With 220,000 US cases per year, prostate cancer is the most commonly diagnosed malignancy in men and the second most common cause of male cancer deaths. With the advent of effective CaP screening programs, an increasing number of men are diagnosed and treated for clinically localized or locally advanced disease and the overwhelming majority of these cases will not progress to life-threatening stages. Yet, a significant number of men will suffer disease recurrence and their early identification through predictive models constitutes a great challenge for prostate cancer therapy that requires understanding of the underlying molecular process.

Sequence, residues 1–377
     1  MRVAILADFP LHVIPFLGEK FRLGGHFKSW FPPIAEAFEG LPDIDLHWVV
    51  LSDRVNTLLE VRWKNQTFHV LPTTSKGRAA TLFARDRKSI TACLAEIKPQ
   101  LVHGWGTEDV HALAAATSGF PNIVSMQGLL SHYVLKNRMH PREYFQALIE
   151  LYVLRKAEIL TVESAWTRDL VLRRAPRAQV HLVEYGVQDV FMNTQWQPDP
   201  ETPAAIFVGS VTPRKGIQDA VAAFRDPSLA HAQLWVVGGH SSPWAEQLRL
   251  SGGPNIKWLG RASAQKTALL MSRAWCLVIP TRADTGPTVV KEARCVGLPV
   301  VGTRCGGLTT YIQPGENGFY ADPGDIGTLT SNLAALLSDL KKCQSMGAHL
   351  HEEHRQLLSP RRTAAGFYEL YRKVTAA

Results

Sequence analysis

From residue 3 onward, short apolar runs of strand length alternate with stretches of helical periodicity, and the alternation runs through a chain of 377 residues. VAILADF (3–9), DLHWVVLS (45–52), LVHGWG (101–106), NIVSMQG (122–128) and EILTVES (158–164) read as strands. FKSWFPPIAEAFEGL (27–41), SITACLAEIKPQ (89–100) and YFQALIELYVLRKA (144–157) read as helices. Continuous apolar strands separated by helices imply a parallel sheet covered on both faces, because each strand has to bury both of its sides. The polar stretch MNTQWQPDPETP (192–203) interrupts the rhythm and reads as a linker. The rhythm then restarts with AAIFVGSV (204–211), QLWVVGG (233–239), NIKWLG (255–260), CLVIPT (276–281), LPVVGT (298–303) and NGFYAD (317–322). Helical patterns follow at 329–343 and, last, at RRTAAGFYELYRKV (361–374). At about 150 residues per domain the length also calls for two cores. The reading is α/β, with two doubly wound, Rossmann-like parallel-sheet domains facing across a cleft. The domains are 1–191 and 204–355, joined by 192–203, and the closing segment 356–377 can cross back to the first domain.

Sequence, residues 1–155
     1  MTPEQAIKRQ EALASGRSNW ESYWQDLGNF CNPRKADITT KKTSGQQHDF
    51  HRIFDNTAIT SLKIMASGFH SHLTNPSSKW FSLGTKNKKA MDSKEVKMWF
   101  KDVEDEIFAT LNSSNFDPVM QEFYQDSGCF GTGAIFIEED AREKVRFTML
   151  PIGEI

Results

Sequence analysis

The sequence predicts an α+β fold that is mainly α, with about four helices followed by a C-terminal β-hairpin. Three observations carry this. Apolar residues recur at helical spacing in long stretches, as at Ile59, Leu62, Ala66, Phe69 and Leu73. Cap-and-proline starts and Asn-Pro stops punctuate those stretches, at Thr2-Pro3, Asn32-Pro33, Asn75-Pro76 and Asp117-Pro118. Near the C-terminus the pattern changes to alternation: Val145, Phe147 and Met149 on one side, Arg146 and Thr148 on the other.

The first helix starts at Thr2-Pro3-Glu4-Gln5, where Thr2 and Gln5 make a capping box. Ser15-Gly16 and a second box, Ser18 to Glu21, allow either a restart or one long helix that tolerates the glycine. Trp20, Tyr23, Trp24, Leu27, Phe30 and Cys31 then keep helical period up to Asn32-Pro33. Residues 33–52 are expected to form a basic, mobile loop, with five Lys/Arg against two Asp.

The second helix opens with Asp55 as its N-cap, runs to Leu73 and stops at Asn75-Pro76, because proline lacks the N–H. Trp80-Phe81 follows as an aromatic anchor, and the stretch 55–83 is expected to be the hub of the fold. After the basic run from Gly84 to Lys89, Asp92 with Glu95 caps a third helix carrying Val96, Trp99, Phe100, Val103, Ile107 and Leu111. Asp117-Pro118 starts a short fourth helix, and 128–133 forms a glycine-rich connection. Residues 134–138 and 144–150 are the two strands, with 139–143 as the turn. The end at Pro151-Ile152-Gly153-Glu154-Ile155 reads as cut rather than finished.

The PTEN tumor suppressor pathway is among the most frequently targeted signaling cascades of human cancer. Several years ago, I discovered that the loss of a single copy of PTEN is sufficient to permit tumors to develop in animal models of cancer. We later found that complete loss of PTEN paradoxically triggers senescence, an arrested state that delays or blocks cancer development in affected cells. These findings collectively explain why many cancer biopsies only display partial loss of this tumor suppressor and establish that a non ‘Knudsonian two-hit’ mechanism of initiation is highly relevant in human cancer.